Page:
The Process by Mark Ravenhill, freely adapted from Franz Kafka's "The Trial"

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The Process by Mark Ravenhill, freely adapted from Franz Kafka's "The Trial." Dir. Polly Thomas. Perf. Sam Troughton, Caroline Catz, Joe Armstrong. BBC Radio 3, 10 May 2015. BBCiPlayer

"The Trial" is one of those texts that assumes enduring significance, irrespective of the period or the context in which it is performed. The story is a familiar one: Joseph K. (Sam Troughton) is accused of something that he neither understands nor can find out. In his attempts to discover more, he gradually endures both social and physical degradation, the victim of a series of authority-figures whose authority seems inexplicable. It is a classic modernist text depicting human beings as victims of mechanized, impersonal societies in which human relationships count for little and "rational" explanations - the product of Enlightenment thought - have absolutely no significance.

Mark Ravenhill updates the text to contemporary culture, where Joseph K., is renamed Joseph Kay, who becomes the victim of a management culture in which process counts for everything and explanations do not matter. Through this strategy Ravenhill makes some telling observations about the ways in which companies are constructed, prioritizing management theory over human relations and reducing individuals to mere cogs in the desire for efficiency (or should it be "productivity")?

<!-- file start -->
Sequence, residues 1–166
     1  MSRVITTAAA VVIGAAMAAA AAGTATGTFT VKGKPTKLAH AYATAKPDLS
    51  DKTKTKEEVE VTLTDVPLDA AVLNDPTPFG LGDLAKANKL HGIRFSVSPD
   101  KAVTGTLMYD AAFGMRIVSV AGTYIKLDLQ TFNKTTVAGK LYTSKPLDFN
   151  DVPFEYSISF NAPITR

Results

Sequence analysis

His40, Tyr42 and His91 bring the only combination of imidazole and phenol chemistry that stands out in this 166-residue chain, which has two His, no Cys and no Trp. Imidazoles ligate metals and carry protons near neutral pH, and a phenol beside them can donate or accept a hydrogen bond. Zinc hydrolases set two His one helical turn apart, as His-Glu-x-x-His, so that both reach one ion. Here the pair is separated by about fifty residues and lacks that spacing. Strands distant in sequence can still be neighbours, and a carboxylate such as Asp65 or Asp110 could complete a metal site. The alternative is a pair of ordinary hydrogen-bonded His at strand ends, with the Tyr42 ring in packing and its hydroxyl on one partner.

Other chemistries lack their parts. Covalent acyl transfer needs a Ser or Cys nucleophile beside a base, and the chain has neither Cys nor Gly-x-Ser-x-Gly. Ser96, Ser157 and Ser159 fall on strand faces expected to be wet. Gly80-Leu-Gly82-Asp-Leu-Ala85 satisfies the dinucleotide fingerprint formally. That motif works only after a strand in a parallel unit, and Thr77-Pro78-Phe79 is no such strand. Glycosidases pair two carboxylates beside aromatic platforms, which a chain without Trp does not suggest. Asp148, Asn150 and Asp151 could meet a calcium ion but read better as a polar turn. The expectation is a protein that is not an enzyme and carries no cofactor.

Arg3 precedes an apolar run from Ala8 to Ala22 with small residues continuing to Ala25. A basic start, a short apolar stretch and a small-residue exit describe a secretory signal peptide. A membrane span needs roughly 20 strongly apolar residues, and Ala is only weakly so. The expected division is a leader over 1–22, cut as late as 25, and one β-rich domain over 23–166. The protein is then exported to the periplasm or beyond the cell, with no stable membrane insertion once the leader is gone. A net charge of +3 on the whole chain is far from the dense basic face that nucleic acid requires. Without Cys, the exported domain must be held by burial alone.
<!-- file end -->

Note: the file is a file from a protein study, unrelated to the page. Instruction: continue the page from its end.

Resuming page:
In Polly Thomas's production the story was transformed into a macabre epic, a hellish version of the tales told in "The Iliad" and "The Odyssey." The only difference is that whereas the Homeric texts inscribe some form of learning process in which the protagonists overcome several obstacles and gain self-knowledge as a result, in "The Process" Joseph Kay ends up becoming so confused that he is eventually deprived not only of his "reason" - that quality separating human beings from animals - but also of any other traits that might denote his individuality. Eventually he is left grasping at emotional straws, but nothing, it seems, can arrest his descent.

This was an uncomfortable production, with sound-effects vividly depicting a world in which torture was accepted as a way of life, and where management-speak replaced the art of communication. A chilling vision of the future.